Symbian accelerates application-signing process

Symbian accelerates application-signing process

Summary: Developers writing applications for the Symbian OS could find it easer and cheaper to have their products officially certified by the mobile OS manufacturer under a new programme

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Symbian is hoping to make it easier and cheaper for developers to certify any new applications written for the Symbian operating system from Tuesday by launching its Symbian Signed initiative.

Previously, if a third party wrote an application for the Symbian platform, the application's developer would have to submit it for testing by a specified "testing house" before Symbian would give its official stamp of approval. Software that has been officially certified by Symbian is regarded as safer to use because it's less likely to interfere with other applications running on the device.

The Symbian Signed process, which has been in a beta-testing stage for the past six months, allows large developers to test and approve their own software, which makes it easier and cheaper to market completed applications.

Simon Garth, vice president of market development and general manager of Symbian's Cambridge office, said that in the past there have not been enough developers submitting their applications to the signing process because it was too expensive and time-consuming. By authorising larger developers to approve their own applications, Garth expects to increase the amount of digitally signed software on the market.

Garth said applications without a digital signature may not worry a technically adept user, but it could affect the general population -- more of whom are purchasing Symbian-based devices.

"Symbian devices are much more prevalent in the market and average users are not as tech-savvy as they were a couple of years ago, so we need to ensure that those users have confidence in the applications being produced," Garth said.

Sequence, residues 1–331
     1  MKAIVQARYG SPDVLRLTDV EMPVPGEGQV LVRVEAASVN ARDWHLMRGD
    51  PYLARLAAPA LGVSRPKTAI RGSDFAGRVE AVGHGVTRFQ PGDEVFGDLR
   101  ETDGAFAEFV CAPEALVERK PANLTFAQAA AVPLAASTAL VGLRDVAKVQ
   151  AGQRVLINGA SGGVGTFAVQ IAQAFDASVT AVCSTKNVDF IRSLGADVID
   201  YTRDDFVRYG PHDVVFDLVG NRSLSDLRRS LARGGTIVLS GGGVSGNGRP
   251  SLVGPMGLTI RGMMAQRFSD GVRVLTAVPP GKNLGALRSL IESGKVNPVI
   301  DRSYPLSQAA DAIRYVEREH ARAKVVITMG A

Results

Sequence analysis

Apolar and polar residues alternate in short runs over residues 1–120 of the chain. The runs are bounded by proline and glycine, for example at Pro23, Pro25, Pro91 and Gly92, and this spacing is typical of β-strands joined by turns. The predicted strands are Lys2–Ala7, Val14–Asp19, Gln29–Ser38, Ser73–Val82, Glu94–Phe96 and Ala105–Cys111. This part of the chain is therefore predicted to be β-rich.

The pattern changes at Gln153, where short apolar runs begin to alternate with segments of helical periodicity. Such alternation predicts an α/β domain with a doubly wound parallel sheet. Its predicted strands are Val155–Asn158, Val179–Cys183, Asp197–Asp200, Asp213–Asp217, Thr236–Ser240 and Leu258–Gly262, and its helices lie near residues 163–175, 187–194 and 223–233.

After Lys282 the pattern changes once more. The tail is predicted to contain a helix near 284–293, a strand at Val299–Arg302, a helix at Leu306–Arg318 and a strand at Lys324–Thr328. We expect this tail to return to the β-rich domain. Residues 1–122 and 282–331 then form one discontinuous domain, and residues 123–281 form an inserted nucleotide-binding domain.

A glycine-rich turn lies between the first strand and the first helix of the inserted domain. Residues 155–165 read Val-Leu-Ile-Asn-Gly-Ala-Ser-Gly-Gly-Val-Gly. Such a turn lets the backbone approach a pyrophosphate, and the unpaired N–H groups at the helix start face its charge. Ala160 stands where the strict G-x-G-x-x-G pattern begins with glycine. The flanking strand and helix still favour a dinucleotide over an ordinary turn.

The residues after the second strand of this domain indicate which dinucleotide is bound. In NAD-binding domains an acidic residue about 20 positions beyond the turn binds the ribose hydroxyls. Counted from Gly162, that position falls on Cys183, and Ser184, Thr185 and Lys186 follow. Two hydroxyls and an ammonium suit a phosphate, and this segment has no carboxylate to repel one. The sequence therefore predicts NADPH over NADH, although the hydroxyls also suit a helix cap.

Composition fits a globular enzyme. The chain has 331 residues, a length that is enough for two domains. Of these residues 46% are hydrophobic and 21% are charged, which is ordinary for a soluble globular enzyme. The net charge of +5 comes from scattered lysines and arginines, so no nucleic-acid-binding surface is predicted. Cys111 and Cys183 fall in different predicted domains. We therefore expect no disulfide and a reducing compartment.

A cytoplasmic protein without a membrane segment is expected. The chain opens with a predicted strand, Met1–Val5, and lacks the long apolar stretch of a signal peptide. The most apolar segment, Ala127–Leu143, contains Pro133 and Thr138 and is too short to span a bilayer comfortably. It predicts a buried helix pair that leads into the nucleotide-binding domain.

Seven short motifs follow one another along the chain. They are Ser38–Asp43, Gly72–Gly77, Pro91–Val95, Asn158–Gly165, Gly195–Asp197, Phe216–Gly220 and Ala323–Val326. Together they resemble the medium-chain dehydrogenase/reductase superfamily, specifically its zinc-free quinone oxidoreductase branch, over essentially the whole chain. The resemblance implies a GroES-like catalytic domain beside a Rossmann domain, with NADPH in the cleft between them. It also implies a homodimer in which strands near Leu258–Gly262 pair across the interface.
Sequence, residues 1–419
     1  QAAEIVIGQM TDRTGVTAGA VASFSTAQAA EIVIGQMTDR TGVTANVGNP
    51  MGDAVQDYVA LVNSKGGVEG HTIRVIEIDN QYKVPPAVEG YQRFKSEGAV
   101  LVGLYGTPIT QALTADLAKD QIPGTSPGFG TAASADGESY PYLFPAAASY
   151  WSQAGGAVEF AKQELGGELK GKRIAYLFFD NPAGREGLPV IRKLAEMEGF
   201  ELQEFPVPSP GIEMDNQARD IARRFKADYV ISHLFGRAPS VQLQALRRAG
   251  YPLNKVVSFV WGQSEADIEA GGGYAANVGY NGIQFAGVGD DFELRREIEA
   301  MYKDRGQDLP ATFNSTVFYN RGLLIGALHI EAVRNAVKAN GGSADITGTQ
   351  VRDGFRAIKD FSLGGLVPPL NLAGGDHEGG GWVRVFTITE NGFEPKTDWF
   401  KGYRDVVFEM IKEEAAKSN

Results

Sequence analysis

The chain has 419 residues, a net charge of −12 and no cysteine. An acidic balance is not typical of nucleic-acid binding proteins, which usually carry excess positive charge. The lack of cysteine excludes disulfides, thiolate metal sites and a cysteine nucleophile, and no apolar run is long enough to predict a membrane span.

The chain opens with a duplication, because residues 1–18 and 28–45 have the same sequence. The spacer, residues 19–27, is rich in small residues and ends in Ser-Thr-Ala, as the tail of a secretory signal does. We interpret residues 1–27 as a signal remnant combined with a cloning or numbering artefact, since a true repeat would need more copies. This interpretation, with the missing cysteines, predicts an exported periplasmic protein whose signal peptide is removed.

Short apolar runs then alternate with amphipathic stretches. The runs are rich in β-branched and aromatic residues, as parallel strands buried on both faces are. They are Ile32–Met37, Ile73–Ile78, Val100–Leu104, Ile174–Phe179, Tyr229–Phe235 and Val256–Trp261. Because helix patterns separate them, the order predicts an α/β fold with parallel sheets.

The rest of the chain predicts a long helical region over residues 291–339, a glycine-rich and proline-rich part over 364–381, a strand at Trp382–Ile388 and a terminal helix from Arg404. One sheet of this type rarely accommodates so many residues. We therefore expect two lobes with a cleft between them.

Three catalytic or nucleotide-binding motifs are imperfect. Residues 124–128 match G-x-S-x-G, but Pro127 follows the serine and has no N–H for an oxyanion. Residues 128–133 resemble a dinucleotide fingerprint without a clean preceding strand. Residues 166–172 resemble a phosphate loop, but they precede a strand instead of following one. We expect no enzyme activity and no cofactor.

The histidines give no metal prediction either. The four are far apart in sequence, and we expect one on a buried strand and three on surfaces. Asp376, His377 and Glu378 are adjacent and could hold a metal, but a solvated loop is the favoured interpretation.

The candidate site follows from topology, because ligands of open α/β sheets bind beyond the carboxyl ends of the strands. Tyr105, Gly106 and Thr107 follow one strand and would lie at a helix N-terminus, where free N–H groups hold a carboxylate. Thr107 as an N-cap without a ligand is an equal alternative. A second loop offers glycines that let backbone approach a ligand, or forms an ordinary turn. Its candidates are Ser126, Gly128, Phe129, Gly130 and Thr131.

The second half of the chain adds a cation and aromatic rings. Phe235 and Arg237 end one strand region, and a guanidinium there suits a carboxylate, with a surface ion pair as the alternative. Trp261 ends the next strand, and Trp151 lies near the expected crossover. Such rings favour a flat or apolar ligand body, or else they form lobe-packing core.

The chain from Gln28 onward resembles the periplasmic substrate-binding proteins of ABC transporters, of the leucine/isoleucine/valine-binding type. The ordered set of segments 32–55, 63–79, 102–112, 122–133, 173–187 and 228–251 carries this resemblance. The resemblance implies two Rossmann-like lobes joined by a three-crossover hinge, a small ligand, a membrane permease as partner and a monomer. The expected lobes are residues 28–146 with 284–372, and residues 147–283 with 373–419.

According to Garth, independent development houses wanting to self-certify their applications will need to show Symbian that they are a company of "good standing" and have the necessary software development and testing skills. Alternatively, they can either continue to send applications to third-party testing houses or, using something called a Publisher Signing agreement, have their applications signed off by an established Symbian developer such as Vodafone or IBM.

"Publisher Signing is where certain publishers can sign applications on behalf of small software developers -- this means that smaller vendors can be accommodated in the scheme as well," Garth said.

Handset manufacturers Sony Ericsson and Nokia both confirmed that from 1 January, 2005, neither of them will deal with Symbian applications that have not been through the signing process.

Symbian's Garth said he estimates there are around 12 million Symbian OS phones already on the market so it is in the industry's best interest to improve Symbian OS phone users experiences.

"For example, the removal of installation 'health' warnings immediately creates a better user experience," Garth said.

Topics: Apps, Software Development

Munir Kotadia

About Munir Kotadia

Munir first became involved with online publishing in 1998 when he joined ZDNet UK and later moved into print publishing as Chief Reporter for IT Week, part of ZDNet UK, a weekly trade newspaper targeted at Enterprise IT managers. He later moved back into online publishing as Senior News Reporter for ZDNet UK.

Munir was recognised as Australia's Best Technology Columnist at the 5th Annual Sun Microsystems IT Journalism Awards 2007. In the previous year he was named Best News Journalist at the Consensus IT Writers Awards.

He no longer uses his Commodore 64.

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